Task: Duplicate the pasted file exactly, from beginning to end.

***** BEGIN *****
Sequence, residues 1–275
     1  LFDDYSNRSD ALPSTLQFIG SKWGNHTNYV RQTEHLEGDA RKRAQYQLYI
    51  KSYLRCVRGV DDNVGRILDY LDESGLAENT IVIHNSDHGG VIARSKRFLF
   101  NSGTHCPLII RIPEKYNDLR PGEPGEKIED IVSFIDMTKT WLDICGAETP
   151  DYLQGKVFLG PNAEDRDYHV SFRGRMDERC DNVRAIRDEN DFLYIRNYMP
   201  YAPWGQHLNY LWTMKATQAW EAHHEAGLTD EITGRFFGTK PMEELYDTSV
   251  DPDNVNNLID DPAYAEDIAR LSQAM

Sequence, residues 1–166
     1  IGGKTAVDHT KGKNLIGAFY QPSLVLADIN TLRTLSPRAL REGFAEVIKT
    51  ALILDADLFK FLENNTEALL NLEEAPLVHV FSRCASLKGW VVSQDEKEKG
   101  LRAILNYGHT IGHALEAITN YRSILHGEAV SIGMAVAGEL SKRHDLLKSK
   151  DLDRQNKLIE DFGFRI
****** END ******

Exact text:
Sequence, residues 1–275
     1  LFDDYSNRSD ALPSTLQFIG SKWGNHTNYV RQTEHLEGDA RKRAQYQLYI
    51  KSYLRCVRGV DDNVGRILDY LDESGLAENT IVIHNSDHGG VIARSKRFLF
   101  NSGTHCPLII RIPEKYNDLR PGEPGEKIED IVSFIDMTKT WLDICGAETP
   151  DYLQGKVFLG PNAEDRDYHV SFRGRMDERC DNVRAIRDEN DFLYIRNYMP
   201  YAPWGQHLNY LWTMKATQAW EAHHEAGLTD EITGRFFGTK PMEELYDTSV
   251  DPDNVNNLID DPAYAEDIAR LSQAM

Sequence, residues 1–166
     1  IGGKTAVDHT KGKNLIGAFY QPSLVLADIN TLRTLSPRAL REGFAEVIKT
    51  ALILDADLFK FLENNTEALL NLEEAPLVHV FSRCASLKGW VVSQDEKEKG
   101  LRAILNYGHT IGHALEAITN YRSILHGEAV SIGMAVAGEL SKRHDLLKSK
   151  DLDRQNKLIE DFGFRI